Malpass, Simon (2011) Oxidant, Particle and Photochemical Processes in the Atmosphere above a Southeast Asian Rain Forest. PhD thesis, University of York.
Available under License Creative Commons Attribution-Noncommercial-No Derivative Works 2.0 UK: England & Wales.
A major source of radical species in the atmosphere is through the oxidation reactions of biogenic volatile organic compounds that are emitted from vegetation. Tropical rainforests are responsible for over half of such biogenic species that are emitted into the atmosphere and the local, regional and global impacts of their subsequent oxidation mechanisms are currently not well understood. Further, with tropical forests being removed to make way for new land uses (such as oil palm plantations), the subsequent change in the quantity and type of biogenic emissions into the atmosphere could have far-reaching impacts. The Oxidant, Particle and Photochemical Processes (OP3) field campaign conducted at Bukit Atur in Malaysian Borneo in 2008, aimed to address some of the uncertainties that currently exist surrounding the impact of forested regions on atmospheric chemistry. In particular, this project aims to predict the concentrations of OH, HO2 and RO2 radicals at Bukit Atur in Borneo during April and July of 2008, using a near-explicit photochemical box model with 15,000 reactions and 7,200 species. The model is constrained using observations made during the two experimental campaigns, and used to compare with radical measurements. In agreement with previous studies involving tropical forests, it was found that the standard model based on the Master Chemical Mechanism (MCM v3.1) underestimates the observed concentrations of OH by a factor of 0.5 on average and overestimates HO2 concentrations by a factor of 2. The results for RO2 were mixed with some days over-predicted and some under-predicted. The implementation of some new theoretically derived reaction pathways without the isoprene degradation scheme improved the predicted OH concentration (modelled:measured ratio improved to 0.3), but did not improve the HO2 estimation (modelled: measured ratio changed to 2.5). It was found that the modelled: measured discrepancy was better on days when the VOC:NOX ratio was lower, suggesting that even with the updated isoprene scheme, days with high biogenic concentrations are not well represented in the model. A rate of production analysis also confirmed that days where modelled OH agreed best with measurements were dominated more by NOX reactions, and less by for instance, Criegee biradical reactions, the latter an indication of biogenic influence. It seems likely from the results from this study (and others) that the suggested alterations to the isoprene chemistry scheme are incomplete, as they do not completely remove the model discrepancy in the predicted OH and HO2 concentrations. This work provides a useful contribution to the understanding of radical species production in tropical forests and provides more data in this area of research. However, this project also identifies that more research is required, particularly in the elucidation of isoprene degradation in the atmosphere, but also with issues such as the dry deposition rates of key intermediates in the model mechanism.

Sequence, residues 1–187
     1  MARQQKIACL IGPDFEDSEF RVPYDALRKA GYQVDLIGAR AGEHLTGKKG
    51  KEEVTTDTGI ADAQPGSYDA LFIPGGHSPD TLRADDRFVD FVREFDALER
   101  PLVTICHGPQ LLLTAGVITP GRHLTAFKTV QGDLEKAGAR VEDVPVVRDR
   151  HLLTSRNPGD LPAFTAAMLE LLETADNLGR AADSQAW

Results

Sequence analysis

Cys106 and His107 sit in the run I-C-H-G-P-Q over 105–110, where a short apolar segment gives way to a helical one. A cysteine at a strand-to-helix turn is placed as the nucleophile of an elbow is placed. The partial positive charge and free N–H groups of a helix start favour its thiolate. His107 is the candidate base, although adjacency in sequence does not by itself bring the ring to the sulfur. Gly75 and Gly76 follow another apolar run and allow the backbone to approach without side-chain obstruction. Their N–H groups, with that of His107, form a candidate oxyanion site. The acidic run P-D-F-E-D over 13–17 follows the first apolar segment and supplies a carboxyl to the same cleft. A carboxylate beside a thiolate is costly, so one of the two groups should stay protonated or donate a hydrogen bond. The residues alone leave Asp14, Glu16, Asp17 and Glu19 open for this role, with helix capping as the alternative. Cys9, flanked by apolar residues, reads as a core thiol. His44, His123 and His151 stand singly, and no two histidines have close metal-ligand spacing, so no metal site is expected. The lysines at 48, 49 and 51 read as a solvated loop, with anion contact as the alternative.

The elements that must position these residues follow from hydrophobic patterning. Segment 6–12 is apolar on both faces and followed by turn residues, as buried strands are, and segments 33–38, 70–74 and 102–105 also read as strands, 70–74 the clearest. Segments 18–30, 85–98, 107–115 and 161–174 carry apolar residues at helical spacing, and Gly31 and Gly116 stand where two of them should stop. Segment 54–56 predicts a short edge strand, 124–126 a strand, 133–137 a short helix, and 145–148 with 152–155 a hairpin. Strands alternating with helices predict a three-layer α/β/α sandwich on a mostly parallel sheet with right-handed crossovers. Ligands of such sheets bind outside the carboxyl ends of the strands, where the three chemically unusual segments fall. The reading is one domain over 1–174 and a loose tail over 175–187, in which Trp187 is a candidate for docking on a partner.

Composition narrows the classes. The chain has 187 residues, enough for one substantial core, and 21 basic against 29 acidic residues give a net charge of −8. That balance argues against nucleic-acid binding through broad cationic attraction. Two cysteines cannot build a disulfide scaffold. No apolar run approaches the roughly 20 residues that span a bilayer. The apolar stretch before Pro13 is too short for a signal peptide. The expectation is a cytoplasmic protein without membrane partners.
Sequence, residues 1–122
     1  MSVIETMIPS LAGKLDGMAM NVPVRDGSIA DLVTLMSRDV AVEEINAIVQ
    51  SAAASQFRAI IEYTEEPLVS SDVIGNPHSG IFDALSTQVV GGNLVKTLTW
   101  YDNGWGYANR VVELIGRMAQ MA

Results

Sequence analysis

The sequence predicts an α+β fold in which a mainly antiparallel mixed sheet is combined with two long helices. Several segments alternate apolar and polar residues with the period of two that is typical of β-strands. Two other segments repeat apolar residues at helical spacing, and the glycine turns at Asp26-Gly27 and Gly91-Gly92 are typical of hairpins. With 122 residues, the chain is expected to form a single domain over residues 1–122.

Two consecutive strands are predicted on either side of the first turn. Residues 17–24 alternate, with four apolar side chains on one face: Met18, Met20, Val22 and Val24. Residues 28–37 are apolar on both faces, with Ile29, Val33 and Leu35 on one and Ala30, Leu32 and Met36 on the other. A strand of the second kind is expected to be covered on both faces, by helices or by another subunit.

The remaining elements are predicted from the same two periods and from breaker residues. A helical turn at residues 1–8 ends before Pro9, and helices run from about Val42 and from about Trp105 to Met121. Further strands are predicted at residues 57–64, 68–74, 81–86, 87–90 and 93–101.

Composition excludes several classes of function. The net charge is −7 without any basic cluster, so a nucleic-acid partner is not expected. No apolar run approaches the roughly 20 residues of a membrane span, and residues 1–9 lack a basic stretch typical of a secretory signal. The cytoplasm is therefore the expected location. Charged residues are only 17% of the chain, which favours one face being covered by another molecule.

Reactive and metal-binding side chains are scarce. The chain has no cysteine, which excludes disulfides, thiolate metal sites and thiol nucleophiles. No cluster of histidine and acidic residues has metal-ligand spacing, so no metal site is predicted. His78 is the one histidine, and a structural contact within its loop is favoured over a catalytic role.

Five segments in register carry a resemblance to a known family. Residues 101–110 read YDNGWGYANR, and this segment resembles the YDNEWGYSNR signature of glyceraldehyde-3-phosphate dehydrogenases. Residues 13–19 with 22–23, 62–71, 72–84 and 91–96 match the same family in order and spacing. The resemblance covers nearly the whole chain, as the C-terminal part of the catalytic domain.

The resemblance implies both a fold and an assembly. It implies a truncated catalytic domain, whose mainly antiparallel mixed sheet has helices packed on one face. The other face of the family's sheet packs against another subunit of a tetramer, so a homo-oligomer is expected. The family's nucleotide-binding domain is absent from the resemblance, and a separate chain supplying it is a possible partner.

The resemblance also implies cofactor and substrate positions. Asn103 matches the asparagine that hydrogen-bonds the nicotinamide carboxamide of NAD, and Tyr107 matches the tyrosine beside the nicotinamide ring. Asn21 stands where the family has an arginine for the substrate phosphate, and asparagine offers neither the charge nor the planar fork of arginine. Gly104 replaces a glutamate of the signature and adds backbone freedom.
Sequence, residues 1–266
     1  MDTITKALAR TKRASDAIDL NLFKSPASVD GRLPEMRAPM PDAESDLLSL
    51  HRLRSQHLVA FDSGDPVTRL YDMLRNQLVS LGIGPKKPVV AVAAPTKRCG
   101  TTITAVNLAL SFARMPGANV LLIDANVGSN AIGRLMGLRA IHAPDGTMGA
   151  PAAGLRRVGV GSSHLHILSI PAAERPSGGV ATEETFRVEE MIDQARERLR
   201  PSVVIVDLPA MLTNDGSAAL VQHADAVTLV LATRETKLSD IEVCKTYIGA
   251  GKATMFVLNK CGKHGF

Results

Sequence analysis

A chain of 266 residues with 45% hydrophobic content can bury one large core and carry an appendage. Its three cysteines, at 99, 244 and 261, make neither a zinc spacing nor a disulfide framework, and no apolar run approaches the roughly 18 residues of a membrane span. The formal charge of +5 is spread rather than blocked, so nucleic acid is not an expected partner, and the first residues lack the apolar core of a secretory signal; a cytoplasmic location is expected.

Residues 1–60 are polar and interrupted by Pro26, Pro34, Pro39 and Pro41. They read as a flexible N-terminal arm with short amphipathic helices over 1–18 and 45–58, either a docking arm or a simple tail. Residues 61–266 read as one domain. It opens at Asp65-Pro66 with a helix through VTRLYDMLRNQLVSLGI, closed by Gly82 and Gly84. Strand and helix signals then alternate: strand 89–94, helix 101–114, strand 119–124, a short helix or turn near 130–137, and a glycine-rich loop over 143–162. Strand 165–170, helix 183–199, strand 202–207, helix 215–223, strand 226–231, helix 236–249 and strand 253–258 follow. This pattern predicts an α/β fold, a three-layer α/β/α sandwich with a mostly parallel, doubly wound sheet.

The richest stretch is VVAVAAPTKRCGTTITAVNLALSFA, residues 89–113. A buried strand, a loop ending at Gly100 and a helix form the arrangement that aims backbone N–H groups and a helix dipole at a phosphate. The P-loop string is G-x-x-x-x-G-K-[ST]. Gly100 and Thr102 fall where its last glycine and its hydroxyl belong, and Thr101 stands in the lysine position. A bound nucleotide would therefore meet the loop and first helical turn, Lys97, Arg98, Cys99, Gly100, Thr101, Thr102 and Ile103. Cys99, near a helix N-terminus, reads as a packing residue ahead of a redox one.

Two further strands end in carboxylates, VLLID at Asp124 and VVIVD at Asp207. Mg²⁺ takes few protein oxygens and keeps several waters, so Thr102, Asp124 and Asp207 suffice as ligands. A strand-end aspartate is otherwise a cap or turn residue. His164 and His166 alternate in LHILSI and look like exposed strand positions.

|Item Type:||Thesis (PhD)|
|Academic Units:||The University of York > Environmental Science|
|Depositing User:||Mr Simon Malpass|
|Date Deposited:||24 May 2012 14:36|
|Last Modified:||08 Aug 2013 08:48|